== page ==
[R6RS] Safe/unsafe mode

William D Clinger will at ccs.neu.edu
Thu Jul 13 13:27:57 EDT 2006

Kent wrote:
> Thanks for your patience in answering my questions.  Unfortunately, this
> confuses me further.  Based on your proposal and earlier examples, I was
> pretty sure you would say that an exception did not have to be raised. 
> Your proposal says:
>   If unsafe code does something that might generate an exception or cause
>   unspecified behavior, then all bets are off.
> Calling g with a symbol definitely "does something" that raises an
> exception, so all bets should be off.  Can you offer up something more
> precise than "does something" to justify why all bets are not off in this
> case?

Yes, I can do better.  Permit me, however, to point
out a flaw in your reasoning.  If it is true, as you
say, that `Calling g with a symbol definitely "does
something" that raises an exception', then an exception
will definitely be raised, contrary to your alleged
expectation that "all bets should be off."  Hence the
language I have already offered is precise enough to
deal with this particular example.

> Based on your response, I'm guessing that
>   (let ((f (lambda (x) (- x))))
>     (declare unsafe)
>     (f '(a)))
> must raise an exception, so a compiler cannot eta reduce (lambda (x) (- x))
> to - and propagate -, nor inline the body of f at its call site, either
> of which would produce:
>   (let ()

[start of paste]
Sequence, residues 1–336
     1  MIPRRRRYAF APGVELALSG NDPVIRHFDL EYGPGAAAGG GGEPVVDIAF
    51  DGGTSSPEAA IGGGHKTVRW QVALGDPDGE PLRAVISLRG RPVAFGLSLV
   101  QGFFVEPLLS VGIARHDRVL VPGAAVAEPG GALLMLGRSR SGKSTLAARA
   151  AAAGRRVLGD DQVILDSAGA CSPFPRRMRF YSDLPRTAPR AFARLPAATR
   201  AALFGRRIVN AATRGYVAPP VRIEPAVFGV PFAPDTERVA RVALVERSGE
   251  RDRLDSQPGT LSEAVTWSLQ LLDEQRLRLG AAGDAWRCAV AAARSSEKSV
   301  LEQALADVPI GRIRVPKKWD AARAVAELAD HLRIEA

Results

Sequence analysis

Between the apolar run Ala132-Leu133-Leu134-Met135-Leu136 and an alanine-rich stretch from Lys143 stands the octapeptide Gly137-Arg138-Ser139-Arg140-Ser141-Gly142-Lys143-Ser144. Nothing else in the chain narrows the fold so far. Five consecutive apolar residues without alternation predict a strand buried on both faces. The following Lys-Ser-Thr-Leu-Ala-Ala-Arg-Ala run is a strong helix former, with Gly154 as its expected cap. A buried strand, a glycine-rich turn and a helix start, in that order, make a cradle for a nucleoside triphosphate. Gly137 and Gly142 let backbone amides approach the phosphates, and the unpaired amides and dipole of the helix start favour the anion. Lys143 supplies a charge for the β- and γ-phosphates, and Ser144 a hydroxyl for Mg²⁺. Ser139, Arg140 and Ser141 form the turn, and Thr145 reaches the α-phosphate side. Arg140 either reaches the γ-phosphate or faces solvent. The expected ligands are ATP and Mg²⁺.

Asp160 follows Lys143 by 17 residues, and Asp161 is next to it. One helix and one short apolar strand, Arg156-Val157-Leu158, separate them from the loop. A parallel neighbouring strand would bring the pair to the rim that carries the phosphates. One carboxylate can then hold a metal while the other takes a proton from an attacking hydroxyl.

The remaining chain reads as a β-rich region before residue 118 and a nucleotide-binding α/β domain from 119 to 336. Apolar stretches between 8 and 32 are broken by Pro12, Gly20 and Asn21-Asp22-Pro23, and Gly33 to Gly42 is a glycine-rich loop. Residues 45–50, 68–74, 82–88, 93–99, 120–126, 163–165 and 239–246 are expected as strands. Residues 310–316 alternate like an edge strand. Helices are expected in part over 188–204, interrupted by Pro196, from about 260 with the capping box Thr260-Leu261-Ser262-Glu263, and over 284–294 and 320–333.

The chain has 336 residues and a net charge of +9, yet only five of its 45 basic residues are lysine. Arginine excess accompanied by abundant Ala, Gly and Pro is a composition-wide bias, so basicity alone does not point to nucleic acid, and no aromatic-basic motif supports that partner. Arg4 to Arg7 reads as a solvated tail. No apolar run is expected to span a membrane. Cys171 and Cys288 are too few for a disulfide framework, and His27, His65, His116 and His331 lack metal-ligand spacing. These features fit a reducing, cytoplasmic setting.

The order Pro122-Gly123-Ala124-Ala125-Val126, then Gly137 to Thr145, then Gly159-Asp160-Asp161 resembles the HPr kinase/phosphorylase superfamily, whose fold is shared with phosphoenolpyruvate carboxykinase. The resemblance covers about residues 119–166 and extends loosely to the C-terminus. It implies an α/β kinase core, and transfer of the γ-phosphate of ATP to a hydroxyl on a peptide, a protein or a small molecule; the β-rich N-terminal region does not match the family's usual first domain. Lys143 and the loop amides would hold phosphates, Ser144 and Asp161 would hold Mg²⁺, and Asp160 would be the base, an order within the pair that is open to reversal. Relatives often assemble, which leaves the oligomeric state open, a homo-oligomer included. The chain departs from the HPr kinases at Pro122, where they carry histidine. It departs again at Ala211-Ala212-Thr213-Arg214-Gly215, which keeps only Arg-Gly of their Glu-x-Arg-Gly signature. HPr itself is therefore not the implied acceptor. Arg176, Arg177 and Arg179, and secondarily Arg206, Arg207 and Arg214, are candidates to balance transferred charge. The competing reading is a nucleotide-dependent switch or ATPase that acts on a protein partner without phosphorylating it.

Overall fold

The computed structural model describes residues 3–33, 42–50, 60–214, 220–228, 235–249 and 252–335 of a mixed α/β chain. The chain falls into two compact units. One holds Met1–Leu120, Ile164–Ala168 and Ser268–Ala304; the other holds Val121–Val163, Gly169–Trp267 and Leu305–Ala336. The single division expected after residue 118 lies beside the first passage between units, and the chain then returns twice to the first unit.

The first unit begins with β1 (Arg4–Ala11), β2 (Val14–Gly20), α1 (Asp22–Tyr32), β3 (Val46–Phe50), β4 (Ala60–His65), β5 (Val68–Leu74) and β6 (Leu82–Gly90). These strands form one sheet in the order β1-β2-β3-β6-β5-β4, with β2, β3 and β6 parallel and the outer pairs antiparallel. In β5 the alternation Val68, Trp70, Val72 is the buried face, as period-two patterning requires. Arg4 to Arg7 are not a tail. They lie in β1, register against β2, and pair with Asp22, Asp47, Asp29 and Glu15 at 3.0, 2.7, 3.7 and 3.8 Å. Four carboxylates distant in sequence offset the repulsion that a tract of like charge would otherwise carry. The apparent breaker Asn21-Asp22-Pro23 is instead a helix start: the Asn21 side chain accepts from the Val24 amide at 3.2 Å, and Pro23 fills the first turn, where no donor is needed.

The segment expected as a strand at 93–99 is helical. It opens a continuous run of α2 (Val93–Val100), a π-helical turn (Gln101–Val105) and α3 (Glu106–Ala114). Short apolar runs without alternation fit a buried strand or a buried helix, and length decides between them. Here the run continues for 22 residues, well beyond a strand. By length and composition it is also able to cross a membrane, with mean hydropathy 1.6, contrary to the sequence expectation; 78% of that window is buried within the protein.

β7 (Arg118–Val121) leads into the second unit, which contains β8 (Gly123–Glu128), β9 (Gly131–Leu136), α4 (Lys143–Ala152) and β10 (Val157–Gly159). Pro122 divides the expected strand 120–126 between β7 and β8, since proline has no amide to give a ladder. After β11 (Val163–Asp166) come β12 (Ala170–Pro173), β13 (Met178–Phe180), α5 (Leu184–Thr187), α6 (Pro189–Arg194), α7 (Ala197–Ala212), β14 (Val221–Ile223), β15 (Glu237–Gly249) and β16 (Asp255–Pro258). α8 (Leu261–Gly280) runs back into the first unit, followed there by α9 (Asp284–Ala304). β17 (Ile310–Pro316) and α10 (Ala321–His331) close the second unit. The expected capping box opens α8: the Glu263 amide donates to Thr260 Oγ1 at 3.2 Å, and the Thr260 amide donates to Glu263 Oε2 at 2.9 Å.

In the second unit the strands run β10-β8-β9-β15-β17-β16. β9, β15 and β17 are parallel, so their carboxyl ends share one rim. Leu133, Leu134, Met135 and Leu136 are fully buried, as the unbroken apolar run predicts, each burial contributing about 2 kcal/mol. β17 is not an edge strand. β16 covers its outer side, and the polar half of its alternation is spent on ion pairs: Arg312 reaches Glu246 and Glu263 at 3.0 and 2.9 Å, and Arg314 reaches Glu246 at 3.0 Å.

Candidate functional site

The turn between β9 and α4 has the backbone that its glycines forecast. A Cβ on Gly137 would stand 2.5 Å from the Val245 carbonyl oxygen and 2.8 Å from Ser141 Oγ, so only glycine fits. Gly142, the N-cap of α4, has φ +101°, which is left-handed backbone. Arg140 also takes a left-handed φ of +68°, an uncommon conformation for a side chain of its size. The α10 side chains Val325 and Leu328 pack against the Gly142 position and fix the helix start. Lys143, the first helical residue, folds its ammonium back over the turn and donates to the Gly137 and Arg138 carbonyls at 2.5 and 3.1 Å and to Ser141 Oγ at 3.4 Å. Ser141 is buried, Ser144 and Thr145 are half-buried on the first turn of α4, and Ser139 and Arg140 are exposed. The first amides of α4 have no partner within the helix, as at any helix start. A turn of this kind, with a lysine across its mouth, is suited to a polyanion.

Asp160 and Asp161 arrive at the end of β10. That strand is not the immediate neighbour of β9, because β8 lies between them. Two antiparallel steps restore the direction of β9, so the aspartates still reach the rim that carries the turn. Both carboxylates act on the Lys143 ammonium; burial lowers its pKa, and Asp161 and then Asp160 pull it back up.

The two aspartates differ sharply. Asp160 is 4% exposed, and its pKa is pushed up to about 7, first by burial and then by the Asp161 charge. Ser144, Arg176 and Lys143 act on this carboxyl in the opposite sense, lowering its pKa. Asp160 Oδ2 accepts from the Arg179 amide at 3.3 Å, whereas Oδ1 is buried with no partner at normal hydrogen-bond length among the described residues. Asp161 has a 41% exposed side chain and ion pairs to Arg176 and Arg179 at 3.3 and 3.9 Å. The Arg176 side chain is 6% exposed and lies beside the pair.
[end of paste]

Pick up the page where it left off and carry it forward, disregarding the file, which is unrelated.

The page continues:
>     (declare unsafe)
>     (- '(a)))
> Right?

Right, assuming the context of your examples is safe
code.  Please recall that reducing (lambda (x) (- x))
to - is generally illegal even in R5RS Scheme, for
several reasons, so you can hardly complain about it
being illegal here.

> You say that g has no documented constraints.  Is there a way to document
> constraints of user-defined procedures?


> If not, are the safe and unsafe
> entry points of each user-defined procedure always the same?

Not necessarily.  Recall that implementations are free
to ignore the unsafe declaration.  Hence compilers are
free to generate unsafe-ignoring code for the safe
entry point, while generating unsafe code for the
unsafe entry point.  For example,

    (let ()
      (declare unsafe)
      (define (f x) (- x))
      (f 'a))

might not raise an exception, while

    (let ()
      (declare unsafe)
      (define (f x) (- x))
      (let ()
        (declare safe)
        (f 'a)))

might (but is not required to) raise an exception.  IMO,
this level of detail should be left for implementations
to work out on their own, without micro-management from
the editors.


More information about the R6RS mailing list